Institute: District of Columbia
Year Established: 2012 Start Date: 2012-03-01 End Date: 2013-02-28
Total Federal Funds: $9,230 Total Non-Federal Funds: $32,517
Principal Investigators: Arash Massoudieh, Pradeep Behera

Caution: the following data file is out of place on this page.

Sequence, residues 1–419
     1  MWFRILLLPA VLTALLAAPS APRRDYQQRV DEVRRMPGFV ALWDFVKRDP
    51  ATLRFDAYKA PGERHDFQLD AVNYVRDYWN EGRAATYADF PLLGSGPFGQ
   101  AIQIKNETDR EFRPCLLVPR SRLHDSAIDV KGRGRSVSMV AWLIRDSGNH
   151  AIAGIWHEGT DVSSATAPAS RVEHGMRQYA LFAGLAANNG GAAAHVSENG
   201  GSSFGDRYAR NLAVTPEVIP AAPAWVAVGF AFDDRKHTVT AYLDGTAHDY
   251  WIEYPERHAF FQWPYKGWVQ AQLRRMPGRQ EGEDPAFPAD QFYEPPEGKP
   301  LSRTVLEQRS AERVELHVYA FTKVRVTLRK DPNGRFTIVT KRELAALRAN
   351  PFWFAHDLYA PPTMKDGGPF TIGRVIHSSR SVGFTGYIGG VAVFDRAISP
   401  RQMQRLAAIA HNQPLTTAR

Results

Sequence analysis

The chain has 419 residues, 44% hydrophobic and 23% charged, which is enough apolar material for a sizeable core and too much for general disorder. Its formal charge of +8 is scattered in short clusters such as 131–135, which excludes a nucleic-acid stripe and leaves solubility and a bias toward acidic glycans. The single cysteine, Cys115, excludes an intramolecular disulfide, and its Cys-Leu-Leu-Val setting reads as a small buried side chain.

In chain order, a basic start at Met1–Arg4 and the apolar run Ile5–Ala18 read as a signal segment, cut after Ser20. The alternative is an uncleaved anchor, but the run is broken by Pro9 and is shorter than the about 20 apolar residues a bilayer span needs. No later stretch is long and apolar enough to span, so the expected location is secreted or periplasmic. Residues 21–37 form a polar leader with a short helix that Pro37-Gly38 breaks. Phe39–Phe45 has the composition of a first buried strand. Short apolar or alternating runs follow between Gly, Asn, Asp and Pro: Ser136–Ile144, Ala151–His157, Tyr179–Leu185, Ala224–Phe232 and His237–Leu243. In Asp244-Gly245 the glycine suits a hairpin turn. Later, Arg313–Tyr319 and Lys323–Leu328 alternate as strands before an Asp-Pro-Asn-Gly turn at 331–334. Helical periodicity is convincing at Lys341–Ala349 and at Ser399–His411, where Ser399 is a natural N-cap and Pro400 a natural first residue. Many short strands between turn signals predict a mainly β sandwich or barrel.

Abstract: The main role of low impact development (LID) practices in the context of sustainable urban stormwater management is to reduce the volume and the peak flow rate of stormwater hydrographs. Achieving these goals has multiple environmental benefits to the receiving waters, including the reduction of the high contaminant concentration discharge during the first-flush period, erosion reduction, reducing flood risk and, most importantly, decreasing the frequency of emergency bypass operations of non-treated stormwater in case of presence of combined sewer systems and limited waste water treatment plant capacity. These environmental benefits become more pronounced in highly urban areas like Washington, DC, where the majority of the city is a combined sewer network. The District of Columbia bypasses large amounts of non-treated stormwater into the surrounding waterways, including the Anacostia and Potomac Rivers and the Rock Creek stream. For these reasons, implementation of LID practices such as green roofs has been promoted by the city. Tools that predict the performance of various designs of green roofs are essential in evaluating their effects on improving the overall stormwater quality and also for finding the design parameters of these LIDs, resulting in their optimal effectiveness. The modules representing the behavior of LIDs in commonly-used stormwater modeling programs such as SWMM (Rossman, 2004) are still extremely simplified and cannot capture many of the processes affecting the water retention behavior of the LIDs. Our goal is to develop a physically based model for predicting flow of rainwater and transport and retention of nutrients as a result of application of fertilizers and pollutants associated with wet and dry deposition in green roofs. The model will be calibrated and validated using the data collected by the team under supervision of Dr. Pradeep Behera at UDC. Dr. Behera's team is planning to conduct extensive monitoring on the green roof structures recently constructed on the UDC campus. The modeling tool developed will allow us to interpret and generalize the data obtained during the monitoring. The outcome of this study will be used as preliminary data for a larger proposal to EPA, NSF or the District Department of Environment.